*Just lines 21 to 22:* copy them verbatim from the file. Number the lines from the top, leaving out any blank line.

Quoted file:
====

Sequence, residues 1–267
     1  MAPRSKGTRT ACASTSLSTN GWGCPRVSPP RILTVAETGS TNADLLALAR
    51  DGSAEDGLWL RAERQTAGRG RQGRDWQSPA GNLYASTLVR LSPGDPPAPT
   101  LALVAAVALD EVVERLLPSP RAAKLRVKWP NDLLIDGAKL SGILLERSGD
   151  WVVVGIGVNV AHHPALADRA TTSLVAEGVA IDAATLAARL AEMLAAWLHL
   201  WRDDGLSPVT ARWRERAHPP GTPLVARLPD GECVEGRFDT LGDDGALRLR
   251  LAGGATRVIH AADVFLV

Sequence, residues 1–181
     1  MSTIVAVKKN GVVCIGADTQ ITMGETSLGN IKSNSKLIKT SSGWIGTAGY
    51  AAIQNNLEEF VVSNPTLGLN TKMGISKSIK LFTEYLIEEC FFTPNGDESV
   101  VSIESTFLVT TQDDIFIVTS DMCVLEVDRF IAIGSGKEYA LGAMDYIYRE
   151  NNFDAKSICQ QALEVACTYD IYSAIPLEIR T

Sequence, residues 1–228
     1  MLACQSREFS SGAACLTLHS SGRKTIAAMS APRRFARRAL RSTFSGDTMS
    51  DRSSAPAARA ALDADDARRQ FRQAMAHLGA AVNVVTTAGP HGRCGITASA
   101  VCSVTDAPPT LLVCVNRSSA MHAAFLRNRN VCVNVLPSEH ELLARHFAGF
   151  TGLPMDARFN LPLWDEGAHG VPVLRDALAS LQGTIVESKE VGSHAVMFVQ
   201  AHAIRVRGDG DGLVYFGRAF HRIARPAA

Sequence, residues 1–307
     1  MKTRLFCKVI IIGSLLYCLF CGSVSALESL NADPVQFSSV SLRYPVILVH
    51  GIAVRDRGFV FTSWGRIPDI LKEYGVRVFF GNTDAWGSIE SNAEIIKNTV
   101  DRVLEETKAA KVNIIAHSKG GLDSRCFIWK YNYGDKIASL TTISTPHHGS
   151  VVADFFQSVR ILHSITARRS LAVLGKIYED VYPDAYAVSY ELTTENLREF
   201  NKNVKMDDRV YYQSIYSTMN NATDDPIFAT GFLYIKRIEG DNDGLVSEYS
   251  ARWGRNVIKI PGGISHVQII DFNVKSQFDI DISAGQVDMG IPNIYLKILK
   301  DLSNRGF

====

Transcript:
    51  GIAVRDRGFV FTSWGRIPDI LKEYGVRVFF GNTDAWGSIE SNAEIIKNTV
   101  DRVLEETKAA KVNIIAHSKG GLDSRCFIWK YNYGDKIASL TTISTPHHGS